Guarding employee hearing is a sound investment for each workplace.
Hearing loss not only affects the worker’s wellness and quality of life, but also impacts the business’s profits and productivity. Sanford OccMed partners with businesses to develop hearing conservation strategies that minimize employee hearing loss, improve work safety and meet Occupational Safety and Health Administration-mandated requirements.
Protecting employees from hearing loss
The starting point for any employer is knowing how much noise an employee is exposed to in a day. By assessing sound levels, Sanford OccMed can determine if a hearing conversation program is necessary.
“We really like to know the businesses we work with and the work environments of the workers we evaluate and treat. Our team visits the worksite to complete a spot check, and the industrial hygienist measures sound levels throughout the workspaces within the business,” said Michael Lockheart, M.D., an occupational medicine doctor at Sanford Health.
If an employee is exposed to an average of 85 decibels of noise or higher for eight hours, which OSHA calls the eight-hour time-weighted average, then an employer must implement an effective hearing conversation program. This includes noise measurements, provision of hearing protection, audiometric testing, training and record keeping. As noise levels increase, more stringent measures are required.
“We have employees wear a personal noise monitoring device to measure the total amount of daily noise exposure. Once the business knows the employees exposed at or near 85 decibels, the company can encourage these workers to use hearing protection,” Dr. Lockheart said.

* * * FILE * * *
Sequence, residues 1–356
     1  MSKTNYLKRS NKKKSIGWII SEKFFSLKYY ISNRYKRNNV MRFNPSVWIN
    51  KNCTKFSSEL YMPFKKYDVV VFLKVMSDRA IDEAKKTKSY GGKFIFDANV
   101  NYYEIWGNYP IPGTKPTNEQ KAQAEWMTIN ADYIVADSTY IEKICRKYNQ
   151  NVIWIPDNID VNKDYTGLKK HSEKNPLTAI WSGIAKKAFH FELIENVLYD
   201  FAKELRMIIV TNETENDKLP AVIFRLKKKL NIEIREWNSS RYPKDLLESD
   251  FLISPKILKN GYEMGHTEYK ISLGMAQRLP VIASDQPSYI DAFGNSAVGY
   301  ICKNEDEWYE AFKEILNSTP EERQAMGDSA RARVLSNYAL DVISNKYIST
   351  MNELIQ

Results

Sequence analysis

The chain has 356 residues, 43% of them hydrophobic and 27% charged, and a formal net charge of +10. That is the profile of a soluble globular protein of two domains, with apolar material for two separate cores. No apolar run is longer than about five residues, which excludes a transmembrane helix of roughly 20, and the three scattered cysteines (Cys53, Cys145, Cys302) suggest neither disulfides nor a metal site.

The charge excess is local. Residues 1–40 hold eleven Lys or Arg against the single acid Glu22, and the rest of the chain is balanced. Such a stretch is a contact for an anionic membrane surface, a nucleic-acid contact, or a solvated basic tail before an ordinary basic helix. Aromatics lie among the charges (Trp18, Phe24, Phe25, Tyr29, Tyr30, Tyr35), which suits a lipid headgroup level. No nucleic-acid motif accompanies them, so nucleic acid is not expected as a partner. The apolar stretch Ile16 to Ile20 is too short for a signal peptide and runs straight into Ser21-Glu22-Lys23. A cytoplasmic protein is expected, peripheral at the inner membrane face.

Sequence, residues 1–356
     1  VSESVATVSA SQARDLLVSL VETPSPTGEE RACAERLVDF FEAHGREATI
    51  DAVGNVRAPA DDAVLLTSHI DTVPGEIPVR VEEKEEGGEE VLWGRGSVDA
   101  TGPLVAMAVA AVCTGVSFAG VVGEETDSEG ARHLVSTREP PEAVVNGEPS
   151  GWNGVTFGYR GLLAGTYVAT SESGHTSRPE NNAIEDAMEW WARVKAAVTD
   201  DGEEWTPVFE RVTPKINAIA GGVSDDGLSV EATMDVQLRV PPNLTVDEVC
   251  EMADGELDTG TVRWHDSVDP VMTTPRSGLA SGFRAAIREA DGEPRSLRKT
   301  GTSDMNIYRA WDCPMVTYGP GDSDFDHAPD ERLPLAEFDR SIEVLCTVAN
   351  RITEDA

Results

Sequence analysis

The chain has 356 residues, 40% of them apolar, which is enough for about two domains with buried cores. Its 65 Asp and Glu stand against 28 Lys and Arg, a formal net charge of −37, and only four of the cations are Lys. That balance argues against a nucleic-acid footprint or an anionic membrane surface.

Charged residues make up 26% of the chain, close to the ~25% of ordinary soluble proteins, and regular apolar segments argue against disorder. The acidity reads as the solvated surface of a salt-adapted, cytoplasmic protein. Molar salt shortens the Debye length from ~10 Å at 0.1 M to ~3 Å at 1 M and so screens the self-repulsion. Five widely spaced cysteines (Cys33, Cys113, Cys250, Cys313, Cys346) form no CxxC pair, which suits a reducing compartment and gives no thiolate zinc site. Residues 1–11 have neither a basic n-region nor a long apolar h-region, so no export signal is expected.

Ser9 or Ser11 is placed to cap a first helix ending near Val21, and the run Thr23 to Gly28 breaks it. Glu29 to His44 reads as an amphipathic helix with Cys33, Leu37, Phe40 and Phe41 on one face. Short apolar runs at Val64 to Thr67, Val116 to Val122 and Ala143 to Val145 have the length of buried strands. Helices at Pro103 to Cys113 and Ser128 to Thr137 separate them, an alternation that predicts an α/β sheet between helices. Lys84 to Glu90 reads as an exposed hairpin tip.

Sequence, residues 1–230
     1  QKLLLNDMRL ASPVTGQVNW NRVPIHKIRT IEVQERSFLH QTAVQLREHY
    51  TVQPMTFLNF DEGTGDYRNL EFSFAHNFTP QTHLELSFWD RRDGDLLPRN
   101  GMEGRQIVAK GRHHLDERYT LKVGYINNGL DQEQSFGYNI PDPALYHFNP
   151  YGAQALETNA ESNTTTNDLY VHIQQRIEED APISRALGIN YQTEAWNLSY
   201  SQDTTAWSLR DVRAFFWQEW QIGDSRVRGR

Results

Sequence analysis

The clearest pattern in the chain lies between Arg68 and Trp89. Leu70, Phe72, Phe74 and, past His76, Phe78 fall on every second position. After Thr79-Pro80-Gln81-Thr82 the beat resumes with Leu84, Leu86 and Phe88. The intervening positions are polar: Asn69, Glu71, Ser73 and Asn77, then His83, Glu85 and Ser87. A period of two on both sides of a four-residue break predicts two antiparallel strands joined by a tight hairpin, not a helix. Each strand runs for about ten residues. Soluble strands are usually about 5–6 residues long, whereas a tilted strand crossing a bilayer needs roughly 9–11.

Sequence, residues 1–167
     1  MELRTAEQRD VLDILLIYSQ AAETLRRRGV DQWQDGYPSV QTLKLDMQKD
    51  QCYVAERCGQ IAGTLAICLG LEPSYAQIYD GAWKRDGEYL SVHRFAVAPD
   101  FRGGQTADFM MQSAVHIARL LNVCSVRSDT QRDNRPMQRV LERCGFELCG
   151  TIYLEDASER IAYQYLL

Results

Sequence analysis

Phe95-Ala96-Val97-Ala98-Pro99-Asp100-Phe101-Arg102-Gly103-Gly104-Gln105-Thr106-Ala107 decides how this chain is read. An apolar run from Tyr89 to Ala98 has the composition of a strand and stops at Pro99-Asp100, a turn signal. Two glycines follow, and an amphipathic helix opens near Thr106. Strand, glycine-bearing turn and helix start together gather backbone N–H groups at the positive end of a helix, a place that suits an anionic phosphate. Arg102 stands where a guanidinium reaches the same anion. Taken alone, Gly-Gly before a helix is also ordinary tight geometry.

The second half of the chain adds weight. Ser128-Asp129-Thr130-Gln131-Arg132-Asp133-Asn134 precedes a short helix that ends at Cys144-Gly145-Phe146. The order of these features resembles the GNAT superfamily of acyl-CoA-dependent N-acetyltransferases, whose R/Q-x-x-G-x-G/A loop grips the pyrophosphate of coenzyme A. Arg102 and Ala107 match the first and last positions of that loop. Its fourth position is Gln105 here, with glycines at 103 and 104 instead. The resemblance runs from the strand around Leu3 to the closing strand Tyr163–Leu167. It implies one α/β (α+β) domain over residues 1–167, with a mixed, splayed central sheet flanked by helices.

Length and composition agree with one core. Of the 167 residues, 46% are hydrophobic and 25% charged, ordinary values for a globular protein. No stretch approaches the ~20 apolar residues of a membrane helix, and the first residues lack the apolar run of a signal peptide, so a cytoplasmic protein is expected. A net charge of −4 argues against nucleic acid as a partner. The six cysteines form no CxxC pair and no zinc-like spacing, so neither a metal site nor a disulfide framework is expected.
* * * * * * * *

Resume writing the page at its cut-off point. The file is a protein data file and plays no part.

Chemical and toxin exposures are also a concern, as they accelerate hearing loss. Sanford OccMed can recommend protective strategies for employees who work with solvents, lead and carbon monoxide alongside noise exposure.
Traveling to your worksite
When a business needs to participate in a hearing conversation program, Sanford OccMed has a mobile unit that is able to come to the worksite. This makes it easier for employers to get their employees tested, while limiting lost time and productivity. Sanford OccMed completes a baseline hearing test, called an audiogram, and annual audiograms thereafter.
“We monitor hearing over time,” Dr. Lockheart said. “When we start to see hearing loss, it gives us the opportunity to intervene early — before hearing loss is severe enough to affect day-to-day life. Our physicians review the audiograms and provide a business guidance on hearing conservation based on the worker’s individual needs.”
Reducing noise exposure
“By screening regularly, we can see any changes,” Dr. Lockheart said. “If a group of people in a certain area is losing hearing, we work with the business’s safety director to figure out how to reduce exposure and help the workforce.”
Personal protective equipment, like ear muffs and plugs, are really the last line of defense. Sanford OccMed aims for businesses to put their effort into reducing noise exposures as much as possible. For those situations where reducing the exposure is not possible, Sanford OccMed is there to ensure employees have the right hearing protection and are using it appropriately.
“I always stress to employers and employees to protect hearing no matter where you are. Your ears do not care where the noise came from; you are at risk of losing hearing just the same,” said Dr. Lockheart.
“I encourage employer groups we work with to allow employees to bring hearing protection home to protect hearing where they are less monitored. The cost of hearing protection is so minor compared to the cost of losing hearing. Employees can prevent hearing loss by using plugs or muffs at the workplace, and those same plugs and muffs prevent hearing loss outside of the workplace.”
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